Saudi Energy Minister Khalid al-Falih on Thursday made clear his intention to increase oil supply by 1 mbd coming out of this week’s OPEC meeting. Questions have shifted from the number that Saudi seeks to the viability of implementing this increase into the agreement despite opposition from Iran and other price hawks, and how the increase would be broken down between the various members of OPEC+.
But another question humming through Vienna this week is what is motivating the Saudis to boost supply and moderate prices. Analysts think some portion of Falih’s speech was geared toward President Trump, who has singled out OPEC as the culprit for rising gasoline prices.
Coincident with Trump’s attacks is the resurgent NOPEC bill, or No Oil Producing and Exporting Cartels Act, which sailed through the House Judiciary Committee last week. “This legislation makes the Organization of the Petroleum Exporting Countries (OPEC) subject to U.S. antitrust law by removing state immunity shields created by judicial precedent,” says the legislation’s webpage.
Analysts think some portion of Falih’s speech was geared toward President Trump, who has singled out OPEC as the culprit for rising gasoline prices.
Chairman Goodlatte commented, “The purpose of antitrust law is to protect consumers from behemoths in any industry that threaten competition and control prices. The fact that OPEC has not been held accountable for its cartel behavior makes a mockery of U.S. antitrust law, threatens the American economy, and has the potential to harm our national security. I applaud Representatives Chabot and Cicilline for their efforts to put an end to OPEC’s anticompetitive behavior and urge the House of Representatives to pass this legislation quickly.”
OPEC’s Trump challenge
While Presidents Bush and Obama were expected to veto previous iterations of NOPEC legislation, the bill’s chances “have never been better,” according to Bob McNally, President of the Rapidan Energy Group.
According to Bloomberg, the bill is a “fat-tail risk,” with low chances of passage but enormous implications, enabling the U.S. to sue the cartel for reparations for market manipulation.
To mitigate that risk, Saudi Arabia and Russia are now focusing their efforts on deflecting negative attention by boosting production to moderate prices now that the U.S. summer driving season is in full swing. For U.S. lawmakers, this may be enough to deflect attention and delay action of the bill, on the back of calls from Senators Chuck Schumer, Maria Cantwell, Bob Menendez, and Ed Markey to increase production.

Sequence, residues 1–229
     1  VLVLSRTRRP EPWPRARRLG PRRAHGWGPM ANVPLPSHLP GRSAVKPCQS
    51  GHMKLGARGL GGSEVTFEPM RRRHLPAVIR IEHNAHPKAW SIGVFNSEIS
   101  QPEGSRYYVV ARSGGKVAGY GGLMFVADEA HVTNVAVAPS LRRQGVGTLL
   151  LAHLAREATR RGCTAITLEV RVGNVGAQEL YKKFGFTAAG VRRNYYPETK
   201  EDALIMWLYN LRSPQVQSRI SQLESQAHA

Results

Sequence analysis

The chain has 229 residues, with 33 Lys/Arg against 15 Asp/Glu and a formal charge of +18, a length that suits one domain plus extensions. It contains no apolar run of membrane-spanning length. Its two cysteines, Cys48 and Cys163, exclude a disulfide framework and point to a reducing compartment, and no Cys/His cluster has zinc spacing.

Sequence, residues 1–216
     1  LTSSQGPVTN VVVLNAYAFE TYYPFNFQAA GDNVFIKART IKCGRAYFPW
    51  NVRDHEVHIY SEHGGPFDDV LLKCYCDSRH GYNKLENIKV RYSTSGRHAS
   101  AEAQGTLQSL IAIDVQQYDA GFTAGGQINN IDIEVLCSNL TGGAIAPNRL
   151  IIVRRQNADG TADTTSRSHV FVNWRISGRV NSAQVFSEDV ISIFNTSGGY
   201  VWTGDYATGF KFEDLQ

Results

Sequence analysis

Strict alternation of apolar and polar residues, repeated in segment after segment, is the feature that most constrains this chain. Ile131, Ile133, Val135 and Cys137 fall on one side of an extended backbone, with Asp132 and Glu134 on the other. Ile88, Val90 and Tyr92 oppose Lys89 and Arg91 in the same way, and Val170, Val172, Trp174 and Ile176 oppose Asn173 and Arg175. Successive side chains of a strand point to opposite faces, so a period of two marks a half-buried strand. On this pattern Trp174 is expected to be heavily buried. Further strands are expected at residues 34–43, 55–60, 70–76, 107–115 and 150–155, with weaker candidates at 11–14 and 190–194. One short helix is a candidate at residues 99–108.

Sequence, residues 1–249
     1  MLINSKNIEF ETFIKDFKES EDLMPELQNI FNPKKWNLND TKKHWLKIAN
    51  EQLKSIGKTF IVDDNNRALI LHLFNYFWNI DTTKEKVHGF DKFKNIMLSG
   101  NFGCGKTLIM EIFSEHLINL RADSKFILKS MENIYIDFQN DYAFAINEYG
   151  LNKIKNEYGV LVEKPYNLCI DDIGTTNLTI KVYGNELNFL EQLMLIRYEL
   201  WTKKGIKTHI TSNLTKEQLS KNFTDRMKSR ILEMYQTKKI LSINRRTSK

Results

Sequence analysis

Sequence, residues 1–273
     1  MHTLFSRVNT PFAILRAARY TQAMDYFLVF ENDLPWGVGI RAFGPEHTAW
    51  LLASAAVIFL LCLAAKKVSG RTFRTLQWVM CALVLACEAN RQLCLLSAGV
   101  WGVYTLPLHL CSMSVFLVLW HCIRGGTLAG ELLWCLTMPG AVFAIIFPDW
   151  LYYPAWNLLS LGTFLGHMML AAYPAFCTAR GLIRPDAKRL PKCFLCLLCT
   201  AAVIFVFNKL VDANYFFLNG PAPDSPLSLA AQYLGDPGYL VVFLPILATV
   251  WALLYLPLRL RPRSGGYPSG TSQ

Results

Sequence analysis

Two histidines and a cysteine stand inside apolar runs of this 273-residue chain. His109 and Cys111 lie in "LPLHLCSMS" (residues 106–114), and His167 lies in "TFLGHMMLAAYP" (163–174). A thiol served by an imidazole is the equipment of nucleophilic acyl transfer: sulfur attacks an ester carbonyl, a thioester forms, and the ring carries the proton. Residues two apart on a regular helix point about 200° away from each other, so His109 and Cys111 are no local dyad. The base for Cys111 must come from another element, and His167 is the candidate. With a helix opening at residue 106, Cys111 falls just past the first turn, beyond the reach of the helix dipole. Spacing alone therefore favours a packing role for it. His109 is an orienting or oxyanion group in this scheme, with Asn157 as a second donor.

Is asking OPEC to solve the problems it has created through its market intervention with more of the same the right approach? Let’s not forget how we got here.
OPEC itself is responsible for disrupting the investment cycle and eliminating the inventory overhang in record time. The tighter market conditions have been accelerated by unanticipated supply disruptions and exacerbated now by Venezuela’s rapidly declining production and the anticipated return of sanctions on Iran’s oil sector. Barclays analyst Michael Cohen points out that “though OPEC’s cuts are well suited to removing the inventory excess, the same actions have undermined market stability. If stable markets is what OPEC seeks, that certainty is more likely to result from allowing market mechanisms to work rather than keeping the market guessing about what the next six months will bring for the 2-3 months leading up to a meeting.”
The U.S. has remained complacent, watching OPEC intervene in the market, bolster prices to meet its own ends, exercise blatant market control by allocating quotas, unwind an inventory overhang, formalize its cooperation with Russia and consolidate its grip over global supply.
Other market observers anticipated the current situation as early as 2014. Gareth Lewis-Davies of BNP Paribas told CNBC in November of that year that OPEC had “disturbed” the recent cycle of production and investment. In late 2016 and early 2017, Adam Sieminski, former administrator of the EIA, commented that OPEC’s market intervention was a major factor contributing to a “Decade of disorder” in the oil markets in the 2020s. In March 2017, Ed Morse of Citi pointed out that OPEC had intervened to solve a problem that did not exist, instead accelerating a tightening in fundamentals and boost producer revenues, was mostly self-defeating and caused fundamentals to become “unbalanced.”
According to SAFE’s SVP of Policy, Jonathan Chanis, “OPEC’s efforts to keep the market undersupplied, its refusal to open most of its acreage to private oil companies, and its general lack of competency in balancing investment with demand have made the markets more volatile and less secure for energy consumers. The famous 1973 Foreign Affairs article heralding the impending oil supply crisis was titled: ‘This Time the Wolf Is Here.’ Well, it is slightly too early to say the wolf is once again at the door, but he is certainly circling the house.”
The U.S. has remained complacent, watching OPEC intervene in the market, bolster prices to meet its own ends, exercise blatant market control by allocating quotas, unwind an inventory overhang, formalize its cooperation with Russia and consolidate its grip over global supply. With prices having broken out of a comfortable range, U.S. policy makers are now asking OPEC to solve the problems it caused.
Now, OPEC faces one of its most daunting challenges yet—appeasing U.S. lawmakers, without appearing to be motivated by fear of Trump to do so, while keeping prices within a range that suits all their members. The challenge for American policymakers is even greater—how to break out of their dysfunctional relationship with OPEC, and oil, for good.